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a job hazard analysis regarding vessel to vessel ingress and egress. The plaintiff’s expert witness thus may not testify as proffered in counsel’s November 23rd letter, quoted above, and at the November 18th final pretrial conference hearing.5 The Court directs defense counsel to prepare an order to incorporate this ruling, and it should note and preserve plaintiff’s counsel’s exception to the Court’s decision. The Court will enter the Order prior to the commencement of trial proceedings. Thank you for your ongoing cooperation and assistance in this litigation.

Very truly yours,

Norman A. Thomas Designated Judge NAT/dyl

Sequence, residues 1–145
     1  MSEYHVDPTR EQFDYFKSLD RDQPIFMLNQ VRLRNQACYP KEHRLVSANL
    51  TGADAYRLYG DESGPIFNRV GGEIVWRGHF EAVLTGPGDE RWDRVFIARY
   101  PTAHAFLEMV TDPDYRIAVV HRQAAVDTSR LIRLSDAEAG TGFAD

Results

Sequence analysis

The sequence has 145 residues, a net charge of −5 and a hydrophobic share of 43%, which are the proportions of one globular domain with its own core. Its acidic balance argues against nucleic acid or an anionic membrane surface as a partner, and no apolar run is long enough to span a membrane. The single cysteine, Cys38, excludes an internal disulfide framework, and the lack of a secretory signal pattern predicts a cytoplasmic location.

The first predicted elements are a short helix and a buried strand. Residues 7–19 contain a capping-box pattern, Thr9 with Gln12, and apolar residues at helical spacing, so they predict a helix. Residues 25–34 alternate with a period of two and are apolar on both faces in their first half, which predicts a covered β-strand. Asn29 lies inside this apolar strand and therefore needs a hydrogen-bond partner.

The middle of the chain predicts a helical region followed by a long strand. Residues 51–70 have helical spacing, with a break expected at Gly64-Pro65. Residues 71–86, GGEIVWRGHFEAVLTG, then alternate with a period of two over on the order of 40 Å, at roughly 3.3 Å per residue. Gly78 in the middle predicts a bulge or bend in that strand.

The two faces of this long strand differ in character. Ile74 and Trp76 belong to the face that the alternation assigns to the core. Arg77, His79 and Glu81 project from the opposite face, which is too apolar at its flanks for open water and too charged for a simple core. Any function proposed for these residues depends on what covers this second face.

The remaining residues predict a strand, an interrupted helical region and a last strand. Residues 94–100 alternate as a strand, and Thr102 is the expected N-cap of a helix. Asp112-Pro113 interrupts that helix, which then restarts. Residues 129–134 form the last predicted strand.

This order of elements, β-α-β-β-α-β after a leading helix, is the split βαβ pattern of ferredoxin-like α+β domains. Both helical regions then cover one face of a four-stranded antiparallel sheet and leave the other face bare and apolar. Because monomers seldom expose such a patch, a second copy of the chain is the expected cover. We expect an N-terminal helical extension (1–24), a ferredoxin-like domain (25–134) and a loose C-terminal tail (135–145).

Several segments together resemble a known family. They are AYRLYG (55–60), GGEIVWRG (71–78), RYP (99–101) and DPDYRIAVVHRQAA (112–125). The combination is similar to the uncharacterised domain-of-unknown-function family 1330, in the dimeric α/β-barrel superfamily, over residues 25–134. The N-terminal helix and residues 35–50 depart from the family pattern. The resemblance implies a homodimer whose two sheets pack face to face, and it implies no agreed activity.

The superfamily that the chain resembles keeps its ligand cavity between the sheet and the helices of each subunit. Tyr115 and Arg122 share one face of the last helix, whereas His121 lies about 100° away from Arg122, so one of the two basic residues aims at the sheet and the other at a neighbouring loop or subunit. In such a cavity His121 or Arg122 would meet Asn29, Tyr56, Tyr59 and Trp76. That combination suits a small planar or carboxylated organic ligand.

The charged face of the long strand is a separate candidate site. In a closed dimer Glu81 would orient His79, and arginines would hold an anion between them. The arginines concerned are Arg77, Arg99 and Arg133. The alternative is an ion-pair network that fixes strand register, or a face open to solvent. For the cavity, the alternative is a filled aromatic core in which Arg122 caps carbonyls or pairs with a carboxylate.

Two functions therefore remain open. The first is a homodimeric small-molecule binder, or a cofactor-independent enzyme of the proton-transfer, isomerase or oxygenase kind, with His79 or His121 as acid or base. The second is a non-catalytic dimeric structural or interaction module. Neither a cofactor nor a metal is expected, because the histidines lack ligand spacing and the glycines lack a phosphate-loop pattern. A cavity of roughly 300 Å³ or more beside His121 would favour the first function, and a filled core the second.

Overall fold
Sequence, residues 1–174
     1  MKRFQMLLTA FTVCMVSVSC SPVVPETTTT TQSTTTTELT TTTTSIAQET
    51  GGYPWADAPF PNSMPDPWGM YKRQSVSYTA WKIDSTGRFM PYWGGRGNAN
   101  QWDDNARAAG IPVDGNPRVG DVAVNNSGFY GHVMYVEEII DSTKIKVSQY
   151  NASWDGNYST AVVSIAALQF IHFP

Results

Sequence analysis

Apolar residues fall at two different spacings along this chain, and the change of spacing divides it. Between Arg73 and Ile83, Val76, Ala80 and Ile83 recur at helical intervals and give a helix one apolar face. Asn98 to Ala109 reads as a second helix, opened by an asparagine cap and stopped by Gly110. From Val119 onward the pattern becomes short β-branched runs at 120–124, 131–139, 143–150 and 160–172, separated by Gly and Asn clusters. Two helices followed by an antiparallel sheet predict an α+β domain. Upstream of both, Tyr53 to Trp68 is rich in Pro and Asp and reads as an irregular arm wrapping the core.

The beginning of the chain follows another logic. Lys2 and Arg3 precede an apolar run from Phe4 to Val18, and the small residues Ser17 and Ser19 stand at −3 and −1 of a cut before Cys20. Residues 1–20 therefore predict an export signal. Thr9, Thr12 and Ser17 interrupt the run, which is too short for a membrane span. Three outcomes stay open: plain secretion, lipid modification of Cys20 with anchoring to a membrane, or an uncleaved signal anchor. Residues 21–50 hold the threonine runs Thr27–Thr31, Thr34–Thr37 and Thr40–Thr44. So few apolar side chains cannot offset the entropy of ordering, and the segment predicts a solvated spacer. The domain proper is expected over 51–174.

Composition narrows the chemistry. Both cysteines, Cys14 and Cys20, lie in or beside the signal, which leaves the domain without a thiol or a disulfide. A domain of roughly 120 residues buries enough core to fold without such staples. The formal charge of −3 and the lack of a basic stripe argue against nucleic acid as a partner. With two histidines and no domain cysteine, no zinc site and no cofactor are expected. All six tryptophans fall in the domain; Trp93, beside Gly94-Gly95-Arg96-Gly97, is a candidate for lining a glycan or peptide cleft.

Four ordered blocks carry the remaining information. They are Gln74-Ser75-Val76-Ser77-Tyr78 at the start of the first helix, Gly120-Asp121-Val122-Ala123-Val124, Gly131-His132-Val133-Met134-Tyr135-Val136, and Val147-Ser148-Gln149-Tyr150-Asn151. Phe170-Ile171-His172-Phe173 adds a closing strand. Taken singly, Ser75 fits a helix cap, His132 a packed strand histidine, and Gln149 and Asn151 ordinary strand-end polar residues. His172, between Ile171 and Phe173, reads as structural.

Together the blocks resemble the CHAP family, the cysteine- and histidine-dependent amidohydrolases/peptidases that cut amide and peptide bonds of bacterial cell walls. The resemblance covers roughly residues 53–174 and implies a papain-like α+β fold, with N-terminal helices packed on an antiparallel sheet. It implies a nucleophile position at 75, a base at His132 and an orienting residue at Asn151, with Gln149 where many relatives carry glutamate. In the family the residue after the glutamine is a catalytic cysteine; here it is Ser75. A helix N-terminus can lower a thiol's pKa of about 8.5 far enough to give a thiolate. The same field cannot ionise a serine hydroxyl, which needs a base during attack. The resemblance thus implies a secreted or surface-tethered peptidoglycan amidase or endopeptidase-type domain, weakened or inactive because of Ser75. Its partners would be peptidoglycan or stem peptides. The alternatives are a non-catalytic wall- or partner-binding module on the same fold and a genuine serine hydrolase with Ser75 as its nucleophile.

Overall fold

5

Please note that this letter-opinion does not decide whether the plaintiff might utilize in rebuttal expert testimony regarding the defendant’s failure to perform a job hazard analysis or to cross examine a defense witness to that effect. As asserted alternatively in plaintiff’s counsel’s November 23 rd letter, “The failure to undertake a JHA goes “hand in glove” with the failure to train Robert Conway in transit between two vessels.” Under appropriate circumstances, plaintiff’s counsel may seek leave of Court at trial to utilize such rebuttal testimony, or to cross examine a defense witness on the topic. However, counsel must seek such Court leave outside the presence of the jury.


Conway v Omega